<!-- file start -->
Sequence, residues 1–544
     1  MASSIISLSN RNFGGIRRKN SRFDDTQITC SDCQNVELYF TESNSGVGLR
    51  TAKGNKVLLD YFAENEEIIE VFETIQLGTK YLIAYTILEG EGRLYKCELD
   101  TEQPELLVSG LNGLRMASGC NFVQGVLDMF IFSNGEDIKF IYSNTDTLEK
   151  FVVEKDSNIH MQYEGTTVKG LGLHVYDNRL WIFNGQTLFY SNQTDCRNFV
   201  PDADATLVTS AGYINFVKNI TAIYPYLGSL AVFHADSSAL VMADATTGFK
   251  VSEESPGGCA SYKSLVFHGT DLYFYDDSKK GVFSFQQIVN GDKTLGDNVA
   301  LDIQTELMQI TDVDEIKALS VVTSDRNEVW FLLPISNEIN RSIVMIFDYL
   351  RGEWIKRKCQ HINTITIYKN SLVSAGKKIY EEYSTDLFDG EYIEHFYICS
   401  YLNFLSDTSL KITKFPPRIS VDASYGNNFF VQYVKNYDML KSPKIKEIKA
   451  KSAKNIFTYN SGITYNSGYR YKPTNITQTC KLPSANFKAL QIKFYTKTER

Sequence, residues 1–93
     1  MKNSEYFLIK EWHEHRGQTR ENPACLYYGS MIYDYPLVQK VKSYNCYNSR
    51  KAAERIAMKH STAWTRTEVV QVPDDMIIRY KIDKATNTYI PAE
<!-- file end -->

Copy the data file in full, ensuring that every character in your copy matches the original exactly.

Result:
Sequence, residues 1–544
     1  MASSIISLSN RNFGGIRRKN SRFDDTQITC SDCQNVELYF TESNSGVGLR
    51  TAKGNKVLLD YFAENEEIIE VFETIQLGTK YLIAYTILEG EGRLYKCELD
   101  TEQPELLVSG LNGLRMASGC NFVQGVLDMF IFSNGEDIKF IYSNTDTLEK
   151  FVVEKDSNIH MQYEGTTVKG LGLHVYDNRL WIFNGQTLFY SNQTDCRNFV
   201  PDADATLVTS AGYINFVKNI TAIYPYLGSL AVFHADSSAL VMADATTGFK
   251  VSEESPGGCA SYKSLVFHGT DLYFYDDSKK GVFSFQQIVN GDKTLGDNVA
   301  LDIQTELMQI TDVDEIKALS VVTSDRNEVW FLLPISNEIN RSIVMIFDYL
   351  RGEWIKRKCQ HINTITIYKN SLVSAGKKIY EEYSTDLFDG EYIEHFYICS
   401  YLNFLSDTSL KITKFPPRIS VDASYGNNFF VQYVKNYDML KSPKIKEIKA
   451  KSAKNIFTYN SGITYNSGYR YKPTNITQTC KLPSANFKAL QIKFYTKTER

Sequence, residues 1–93
     1  MKNSEYFLIK EWHEHRGQTR ENPACLYYGS MIYDYPLVQK VKSYNCYNSR
    51  KAAERIAMKH STAWTRTEVV QVPDDMIIRY KIDKATNTYI PAE